Everything about the story is enjoyable. The plot has a lot of twists and turns. The characters are interesting, including the welcoming Lee who owns the Bellewick pub, Hamish, the elderly garden caretaker, and Chief Inspector Neil Craig  who is not only very competent, but also very handsome. Of course, everything is very Scottish and the setting makes this cozy mystery even more interesting. Author Amanda Flower throws in a huge mehir in the garden, tales of an ancestor’s shipwreck, and a local controversy over a real estate deal with environmental implications. The result is a book I didn’t want to put down until the mystery was solved.

I would like to extend my thanks to netgalley.com and to Crooked Lane Books for giving me the opportunity to read this book in exchange for an honest review.

Rating: 5/5 

Category: Mystery

Notes: #1 in the Magic Garden Mystery Series

Publication:   May 8, 2018—Crooked Lane Books

Memorable Lines:

“If you think this is a rough night in Scotland, you are in for a rude awakening my lass, a very rude awakening indeed. We have storms that come off the sea that will curl your toes and make seasoned Highlanders hide under their beds.”

It reminded me again how old everything in Scotland was. In Nashville, the city practically builds a force field around a house that was built in the 1800s, to protect it from wear and tear. But the 1800s weren’t even a blip on the timeline in a place like Bellewick, where most of the buildings dated back to the thirteenth and fourteenth centuries.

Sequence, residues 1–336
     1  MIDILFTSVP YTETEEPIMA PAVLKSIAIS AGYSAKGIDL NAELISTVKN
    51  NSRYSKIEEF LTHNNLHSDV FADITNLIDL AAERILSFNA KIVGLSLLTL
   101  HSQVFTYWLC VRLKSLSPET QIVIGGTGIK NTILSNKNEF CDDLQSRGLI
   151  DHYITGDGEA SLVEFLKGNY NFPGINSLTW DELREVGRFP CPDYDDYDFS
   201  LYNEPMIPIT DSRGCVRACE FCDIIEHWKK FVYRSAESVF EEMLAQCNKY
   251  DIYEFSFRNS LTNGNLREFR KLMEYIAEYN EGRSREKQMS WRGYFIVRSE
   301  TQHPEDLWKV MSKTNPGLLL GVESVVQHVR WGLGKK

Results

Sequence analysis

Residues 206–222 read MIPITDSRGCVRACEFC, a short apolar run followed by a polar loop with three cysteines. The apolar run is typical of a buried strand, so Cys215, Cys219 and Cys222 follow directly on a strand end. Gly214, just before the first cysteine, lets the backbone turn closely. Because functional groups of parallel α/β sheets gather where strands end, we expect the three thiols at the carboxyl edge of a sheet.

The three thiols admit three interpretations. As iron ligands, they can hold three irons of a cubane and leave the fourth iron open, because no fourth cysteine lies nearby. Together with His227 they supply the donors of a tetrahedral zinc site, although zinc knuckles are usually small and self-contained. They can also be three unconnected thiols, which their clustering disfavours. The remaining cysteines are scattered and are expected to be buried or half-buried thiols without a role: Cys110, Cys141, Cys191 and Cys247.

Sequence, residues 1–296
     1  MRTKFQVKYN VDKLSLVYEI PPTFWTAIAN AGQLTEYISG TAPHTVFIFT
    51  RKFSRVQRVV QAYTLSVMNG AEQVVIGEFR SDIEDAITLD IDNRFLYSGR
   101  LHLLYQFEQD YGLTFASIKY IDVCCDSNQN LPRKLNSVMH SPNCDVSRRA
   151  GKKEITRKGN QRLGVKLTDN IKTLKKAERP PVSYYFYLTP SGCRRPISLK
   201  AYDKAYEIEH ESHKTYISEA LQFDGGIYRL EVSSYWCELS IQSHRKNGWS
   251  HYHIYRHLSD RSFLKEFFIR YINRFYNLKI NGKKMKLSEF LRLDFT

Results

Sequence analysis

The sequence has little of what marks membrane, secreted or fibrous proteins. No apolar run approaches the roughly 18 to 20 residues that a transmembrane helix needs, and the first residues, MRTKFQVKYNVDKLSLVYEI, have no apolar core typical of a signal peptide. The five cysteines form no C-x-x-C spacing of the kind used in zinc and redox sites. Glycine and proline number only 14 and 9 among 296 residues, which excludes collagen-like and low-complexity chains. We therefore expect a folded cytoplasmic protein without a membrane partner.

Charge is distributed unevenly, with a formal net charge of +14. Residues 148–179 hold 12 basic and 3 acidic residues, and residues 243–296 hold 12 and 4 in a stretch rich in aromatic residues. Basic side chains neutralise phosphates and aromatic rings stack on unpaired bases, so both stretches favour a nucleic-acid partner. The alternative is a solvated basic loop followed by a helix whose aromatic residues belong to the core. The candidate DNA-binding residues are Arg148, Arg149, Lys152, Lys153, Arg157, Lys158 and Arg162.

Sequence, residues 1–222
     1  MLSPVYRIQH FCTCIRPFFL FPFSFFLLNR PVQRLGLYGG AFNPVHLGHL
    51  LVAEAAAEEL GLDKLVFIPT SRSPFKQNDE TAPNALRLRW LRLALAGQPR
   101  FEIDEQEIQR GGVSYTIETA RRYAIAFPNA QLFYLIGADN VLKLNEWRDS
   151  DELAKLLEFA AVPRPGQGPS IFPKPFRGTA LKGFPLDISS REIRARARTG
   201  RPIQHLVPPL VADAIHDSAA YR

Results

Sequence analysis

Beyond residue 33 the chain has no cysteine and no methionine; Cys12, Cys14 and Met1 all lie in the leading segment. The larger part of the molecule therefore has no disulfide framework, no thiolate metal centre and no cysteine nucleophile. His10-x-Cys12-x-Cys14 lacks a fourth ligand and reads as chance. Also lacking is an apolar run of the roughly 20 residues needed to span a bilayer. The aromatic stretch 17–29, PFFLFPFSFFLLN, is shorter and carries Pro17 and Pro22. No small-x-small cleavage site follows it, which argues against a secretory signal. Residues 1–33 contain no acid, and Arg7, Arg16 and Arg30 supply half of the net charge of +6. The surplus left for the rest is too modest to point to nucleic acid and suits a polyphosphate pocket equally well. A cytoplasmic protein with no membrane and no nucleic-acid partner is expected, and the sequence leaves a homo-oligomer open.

“I think that is what his death has taught me the most: don’t count on someday because someday will never come. Too many people put off fighting for what they want until what they think will be a better time—after they’re married, after the kids are grown, after retirement—but the truth is, there is never a better time for anything.”

The Otter of Death–fascinating otters and mystery

The Otter of Death

by Betty Webb

The Otter of DeathTeddy is a zookeeper at the Gunn Zoo in San Sebastian, CA. She lives on a houseboat and is engaged to Joe, the local county sheriff. She also volunteers conducting a census for the Otter Conservancy, a marine life rescue group. Trouble occurs during her routine survey when she discovers an otter with a cell phone. More troubling is a selfie on the phone that seems to indicate a crime.

The victim is well known, but not very popular, so there are a lot of suspects. Teddy puts herself in danger with her investigations, much to the dismay of Joe and her mother Caro. There are a lot of other characters in this book, including fellow zookeepers, neighbor liveaboards at the harbor, and the wealthy of San Sebastian.  The author, Betty Webb, does a good job of defining the characters and subtly reminding the reader of who they are, as necessary.